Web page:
• Alliums: Garlic, onions, chives, shallots, leeks
  • Brassicas: Broccoli, cabbage, cauliflower, Brussels sprouts, kale, radishes, turnip greens, collards, mustard greens
  • Cucurbits: Cucumbers, squash, zucchini, melons, pumpkin
  • Legumes: Peas, beans, soybeans, peanuts 
  • Nightshades: Tomato, potato, eggplant, peppers
  • Umbellifers: Parsnip, carrots, fennel, parsley, dill

Apart from these families, there are edibles belonging to other families that contain a variety of other plants we don’t normally sow in a vegetable garden.

Lettuce, for instance, is part of the daisy family. Spinach, corn, sunflower, okra, cress, endives, and chicory are other miscellaneous plants.

The rule of thumb when planning crop rotation is to alternate heavy feeders (plants that need lots of nutrients) with light feeders. 

Brassicas, nightshades, corn, and lettuce are heavy feeders that require a lot of nitrogen to produce flowers and fruits.

They are best planted in the place of legumes, as these plants are known for fixing nitrogen in the soil.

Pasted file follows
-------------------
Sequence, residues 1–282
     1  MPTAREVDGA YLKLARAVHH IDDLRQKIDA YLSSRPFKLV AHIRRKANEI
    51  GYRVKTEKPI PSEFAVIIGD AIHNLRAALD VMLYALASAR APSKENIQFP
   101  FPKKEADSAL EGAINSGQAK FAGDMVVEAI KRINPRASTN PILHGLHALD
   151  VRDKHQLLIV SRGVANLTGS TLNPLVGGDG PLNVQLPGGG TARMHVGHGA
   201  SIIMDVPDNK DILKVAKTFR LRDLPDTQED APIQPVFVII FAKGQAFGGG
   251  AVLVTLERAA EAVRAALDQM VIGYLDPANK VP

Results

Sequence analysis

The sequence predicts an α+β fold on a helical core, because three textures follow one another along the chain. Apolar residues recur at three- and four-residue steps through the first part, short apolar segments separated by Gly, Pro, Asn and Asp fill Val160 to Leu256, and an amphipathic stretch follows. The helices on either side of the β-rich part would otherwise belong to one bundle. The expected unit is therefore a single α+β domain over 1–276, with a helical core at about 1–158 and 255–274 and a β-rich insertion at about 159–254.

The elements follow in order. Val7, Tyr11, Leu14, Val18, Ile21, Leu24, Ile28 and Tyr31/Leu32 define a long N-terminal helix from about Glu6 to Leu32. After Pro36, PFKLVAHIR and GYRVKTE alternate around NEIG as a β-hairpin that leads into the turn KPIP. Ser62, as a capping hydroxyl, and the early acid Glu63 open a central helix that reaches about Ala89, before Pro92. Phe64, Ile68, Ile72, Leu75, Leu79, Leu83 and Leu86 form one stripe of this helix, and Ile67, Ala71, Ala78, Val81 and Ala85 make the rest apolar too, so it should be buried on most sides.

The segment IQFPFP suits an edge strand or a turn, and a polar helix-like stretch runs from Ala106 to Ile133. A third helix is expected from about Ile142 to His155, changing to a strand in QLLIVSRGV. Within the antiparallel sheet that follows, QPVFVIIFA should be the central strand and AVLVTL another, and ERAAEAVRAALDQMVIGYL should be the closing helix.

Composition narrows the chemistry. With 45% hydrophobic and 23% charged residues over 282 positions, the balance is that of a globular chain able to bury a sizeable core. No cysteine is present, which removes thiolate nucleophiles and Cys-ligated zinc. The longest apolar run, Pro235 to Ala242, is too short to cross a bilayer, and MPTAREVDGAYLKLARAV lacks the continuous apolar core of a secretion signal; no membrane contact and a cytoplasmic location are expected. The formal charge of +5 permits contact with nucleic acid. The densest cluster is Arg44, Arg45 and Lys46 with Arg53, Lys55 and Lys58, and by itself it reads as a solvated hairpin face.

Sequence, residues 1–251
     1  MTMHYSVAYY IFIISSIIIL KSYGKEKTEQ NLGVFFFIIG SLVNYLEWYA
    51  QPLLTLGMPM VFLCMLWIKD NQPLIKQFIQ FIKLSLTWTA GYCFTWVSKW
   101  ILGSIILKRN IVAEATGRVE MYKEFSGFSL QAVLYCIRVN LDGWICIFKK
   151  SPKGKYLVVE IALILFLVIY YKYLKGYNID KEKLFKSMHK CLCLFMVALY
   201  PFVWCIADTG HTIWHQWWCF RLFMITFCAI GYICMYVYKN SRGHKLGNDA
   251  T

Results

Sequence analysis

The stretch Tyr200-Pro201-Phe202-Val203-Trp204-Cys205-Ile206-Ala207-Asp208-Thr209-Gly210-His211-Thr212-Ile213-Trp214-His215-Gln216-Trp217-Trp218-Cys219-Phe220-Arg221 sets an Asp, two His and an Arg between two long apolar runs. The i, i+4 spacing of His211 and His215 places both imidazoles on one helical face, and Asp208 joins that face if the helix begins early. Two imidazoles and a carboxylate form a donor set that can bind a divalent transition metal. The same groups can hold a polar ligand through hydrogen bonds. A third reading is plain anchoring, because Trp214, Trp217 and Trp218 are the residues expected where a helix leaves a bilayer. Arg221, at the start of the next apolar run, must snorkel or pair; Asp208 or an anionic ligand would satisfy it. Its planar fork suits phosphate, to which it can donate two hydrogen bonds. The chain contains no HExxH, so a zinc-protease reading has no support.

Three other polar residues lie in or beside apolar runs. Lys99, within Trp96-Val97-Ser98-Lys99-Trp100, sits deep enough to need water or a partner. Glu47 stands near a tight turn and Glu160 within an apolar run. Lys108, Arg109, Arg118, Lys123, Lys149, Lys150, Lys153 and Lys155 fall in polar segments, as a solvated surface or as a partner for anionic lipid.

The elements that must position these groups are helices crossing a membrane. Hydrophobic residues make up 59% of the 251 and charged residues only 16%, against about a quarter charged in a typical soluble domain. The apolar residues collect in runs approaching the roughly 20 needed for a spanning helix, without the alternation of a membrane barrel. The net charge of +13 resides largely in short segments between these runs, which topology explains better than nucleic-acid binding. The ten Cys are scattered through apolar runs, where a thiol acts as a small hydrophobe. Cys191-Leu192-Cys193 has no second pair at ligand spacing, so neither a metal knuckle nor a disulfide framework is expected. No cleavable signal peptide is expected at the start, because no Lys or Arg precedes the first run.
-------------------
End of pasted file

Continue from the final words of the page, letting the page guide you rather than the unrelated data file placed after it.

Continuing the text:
GardenTroop Tip: When rotating crops, consider any exceptions such as perennial plants that stay in the soil all year round. Examples include herbs like mint, rosemary, or sage. Asparagus must also settle into a spot for years before it’s ready to be harvested. Plan crop rotation based on plant companionship, considering any plants that won’t be moved.

6. Plant Garlic

You can skip to the next step if garlic isn’t one of the plants you want to grow. If you do want garlic in your garden, however, now is the time to sow it. 

Garlic – like most members of the allium family – is sensitive to day length and only matures during the longest days of summer.